The absence of significant effects on aLM reflects the findings of previously published studies that reported only small or no training-induced changes of lean body mass in older adults
[26–28]. This can be most probably explained with neurological adaptations resulting in an increased voluntary activation
 as well as rapid motor unit activation and higher firing rates
There are several issues that might have limited the generalizability of our findings and should be considered for practical use. In this study, we used a resistance-training machine with elastic bands. Resistance was adjusted by increasing the tension of pulling forces of the elastic bands. Besides the chair rise, all lower extremity exercises were performed in a standing position. Often, the participants performed single-leg exercises during which they had to stabilize on the non-exercising leg. The increased instability during exercising might have led to inadequate perceptions of exertion and thus, inadequate muscle strength and muscle power training intensities. It is also likely that the high-velocity contractions in the PT group were more challenging for keeping balance than the low-velocity muscle strength exercises. This would also explain the predominant changes in the balance component of the SPPB in the PT group.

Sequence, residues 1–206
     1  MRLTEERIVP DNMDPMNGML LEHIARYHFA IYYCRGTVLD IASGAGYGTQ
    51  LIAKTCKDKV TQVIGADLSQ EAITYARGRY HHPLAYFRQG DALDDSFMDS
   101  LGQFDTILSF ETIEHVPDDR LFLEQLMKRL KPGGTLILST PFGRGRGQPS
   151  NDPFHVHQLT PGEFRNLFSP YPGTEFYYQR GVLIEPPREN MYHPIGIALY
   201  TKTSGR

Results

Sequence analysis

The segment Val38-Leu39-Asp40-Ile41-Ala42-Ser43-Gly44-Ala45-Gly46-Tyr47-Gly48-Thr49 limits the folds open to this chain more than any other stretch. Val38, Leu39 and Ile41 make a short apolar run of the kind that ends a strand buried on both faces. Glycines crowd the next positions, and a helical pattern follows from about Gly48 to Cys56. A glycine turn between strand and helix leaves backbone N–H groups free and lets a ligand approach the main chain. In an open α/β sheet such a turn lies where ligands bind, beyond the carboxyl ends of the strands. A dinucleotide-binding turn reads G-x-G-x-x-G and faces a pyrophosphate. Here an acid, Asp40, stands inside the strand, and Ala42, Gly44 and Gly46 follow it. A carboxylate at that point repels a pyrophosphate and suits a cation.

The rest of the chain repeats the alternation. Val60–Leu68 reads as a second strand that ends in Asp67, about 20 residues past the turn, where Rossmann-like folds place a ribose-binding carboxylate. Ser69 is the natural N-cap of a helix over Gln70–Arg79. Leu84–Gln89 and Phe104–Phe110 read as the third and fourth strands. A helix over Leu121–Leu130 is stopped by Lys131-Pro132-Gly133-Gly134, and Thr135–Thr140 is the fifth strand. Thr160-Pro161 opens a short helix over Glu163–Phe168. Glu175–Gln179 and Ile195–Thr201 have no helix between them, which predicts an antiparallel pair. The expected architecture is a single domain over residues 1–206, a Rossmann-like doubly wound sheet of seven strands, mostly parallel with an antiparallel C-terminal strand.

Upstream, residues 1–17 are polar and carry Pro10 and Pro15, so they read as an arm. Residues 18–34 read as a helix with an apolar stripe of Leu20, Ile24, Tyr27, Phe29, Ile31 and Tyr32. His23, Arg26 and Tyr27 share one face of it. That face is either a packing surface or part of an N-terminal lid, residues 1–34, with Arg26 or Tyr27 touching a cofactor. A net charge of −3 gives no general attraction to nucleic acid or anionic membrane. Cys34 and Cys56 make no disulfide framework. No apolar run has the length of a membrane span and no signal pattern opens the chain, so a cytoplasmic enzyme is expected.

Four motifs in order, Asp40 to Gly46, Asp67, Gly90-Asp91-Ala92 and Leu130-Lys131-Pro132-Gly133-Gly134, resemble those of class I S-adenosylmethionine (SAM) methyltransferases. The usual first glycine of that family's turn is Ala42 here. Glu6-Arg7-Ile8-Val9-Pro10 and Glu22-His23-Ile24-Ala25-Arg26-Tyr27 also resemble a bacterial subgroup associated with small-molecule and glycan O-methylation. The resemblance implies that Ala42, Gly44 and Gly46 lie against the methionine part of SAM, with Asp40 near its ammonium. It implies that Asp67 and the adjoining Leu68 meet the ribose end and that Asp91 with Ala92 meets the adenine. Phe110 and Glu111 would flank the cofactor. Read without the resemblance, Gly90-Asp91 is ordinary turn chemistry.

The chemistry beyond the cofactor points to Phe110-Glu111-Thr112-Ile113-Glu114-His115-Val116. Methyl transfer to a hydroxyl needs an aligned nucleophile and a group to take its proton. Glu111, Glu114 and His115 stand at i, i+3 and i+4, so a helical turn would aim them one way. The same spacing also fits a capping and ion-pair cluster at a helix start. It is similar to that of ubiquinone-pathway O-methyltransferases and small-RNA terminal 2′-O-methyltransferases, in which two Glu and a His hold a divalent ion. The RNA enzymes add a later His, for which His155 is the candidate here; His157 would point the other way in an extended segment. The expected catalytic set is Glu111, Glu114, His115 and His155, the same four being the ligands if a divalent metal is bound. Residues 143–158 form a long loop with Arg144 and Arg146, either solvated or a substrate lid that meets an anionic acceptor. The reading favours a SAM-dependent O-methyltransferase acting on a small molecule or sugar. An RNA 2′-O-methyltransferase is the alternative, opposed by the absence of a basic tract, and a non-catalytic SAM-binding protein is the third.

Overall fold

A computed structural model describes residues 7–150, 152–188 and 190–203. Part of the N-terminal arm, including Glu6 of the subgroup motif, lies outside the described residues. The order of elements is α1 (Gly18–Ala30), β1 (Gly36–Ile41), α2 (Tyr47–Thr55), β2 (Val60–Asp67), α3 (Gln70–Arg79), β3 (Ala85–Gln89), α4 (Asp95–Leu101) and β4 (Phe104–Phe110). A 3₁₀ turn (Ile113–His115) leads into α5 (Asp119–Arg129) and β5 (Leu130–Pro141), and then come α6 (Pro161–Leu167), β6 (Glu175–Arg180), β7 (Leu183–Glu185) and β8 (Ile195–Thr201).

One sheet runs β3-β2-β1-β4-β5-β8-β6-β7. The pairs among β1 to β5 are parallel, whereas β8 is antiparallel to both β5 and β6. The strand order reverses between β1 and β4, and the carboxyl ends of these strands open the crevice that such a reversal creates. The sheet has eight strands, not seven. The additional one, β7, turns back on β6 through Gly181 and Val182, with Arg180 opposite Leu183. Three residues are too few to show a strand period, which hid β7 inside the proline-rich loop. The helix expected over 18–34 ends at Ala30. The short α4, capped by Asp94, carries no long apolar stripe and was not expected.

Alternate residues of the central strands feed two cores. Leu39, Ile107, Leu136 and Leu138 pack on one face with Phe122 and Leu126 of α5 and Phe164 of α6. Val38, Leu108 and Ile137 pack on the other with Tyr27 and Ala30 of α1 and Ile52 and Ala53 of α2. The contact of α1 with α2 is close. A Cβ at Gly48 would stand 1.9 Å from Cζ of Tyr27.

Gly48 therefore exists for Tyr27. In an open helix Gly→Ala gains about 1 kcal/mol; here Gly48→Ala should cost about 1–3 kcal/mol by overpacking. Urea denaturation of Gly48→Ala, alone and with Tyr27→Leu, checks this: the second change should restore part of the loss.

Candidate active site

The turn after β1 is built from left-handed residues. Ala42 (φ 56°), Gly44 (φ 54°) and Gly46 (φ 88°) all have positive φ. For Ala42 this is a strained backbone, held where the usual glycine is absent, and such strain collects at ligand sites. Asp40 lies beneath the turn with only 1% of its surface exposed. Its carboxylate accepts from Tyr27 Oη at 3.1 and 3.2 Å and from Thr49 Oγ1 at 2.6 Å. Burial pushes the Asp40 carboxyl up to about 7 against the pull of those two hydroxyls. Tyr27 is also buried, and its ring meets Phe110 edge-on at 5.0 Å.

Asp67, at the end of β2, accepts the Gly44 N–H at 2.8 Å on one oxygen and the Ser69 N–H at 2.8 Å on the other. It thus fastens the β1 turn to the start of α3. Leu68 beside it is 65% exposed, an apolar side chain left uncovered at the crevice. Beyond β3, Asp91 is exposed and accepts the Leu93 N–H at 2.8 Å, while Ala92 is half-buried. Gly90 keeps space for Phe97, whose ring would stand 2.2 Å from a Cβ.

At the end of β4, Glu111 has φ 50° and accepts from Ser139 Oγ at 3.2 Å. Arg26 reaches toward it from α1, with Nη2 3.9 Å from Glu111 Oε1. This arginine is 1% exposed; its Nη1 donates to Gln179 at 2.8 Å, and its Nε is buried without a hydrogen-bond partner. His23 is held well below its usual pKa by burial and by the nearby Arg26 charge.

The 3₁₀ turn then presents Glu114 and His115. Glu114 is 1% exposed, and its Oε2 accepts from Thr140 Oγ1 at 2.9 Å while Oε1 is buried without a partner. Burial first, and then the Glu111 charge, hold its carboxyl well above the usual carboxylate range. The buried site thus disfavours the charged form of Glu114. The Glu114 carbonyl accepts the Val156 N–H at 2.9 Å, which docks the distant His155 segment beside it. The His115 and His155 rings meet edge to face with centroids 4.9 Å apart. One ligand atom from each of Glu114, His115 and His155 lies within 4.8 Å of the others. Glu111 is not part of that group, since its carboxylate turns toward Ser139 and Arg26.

Furthermore, during the intervention period the drop-out rate was more than twice as high in the muscle power training group than in the muscle strength training group. In two participants in the muscle power training group, the drop-out was directly related to the exercise intervention. This indicates that the physical demands and perceived exertion of muscle power exercises are exceptionally high and may increase the risk for adverse events in the prefrail population. The explicit use of prefrail community-dwelling older adults in this study is another issue concerning the limited generalizability of our findings. Studies regarding residual effects of muscle power or muscle strength training reported mixed findings
[11–13] suggesting that the physical performance status may play a major role in the duration of physical adaptations during detraining.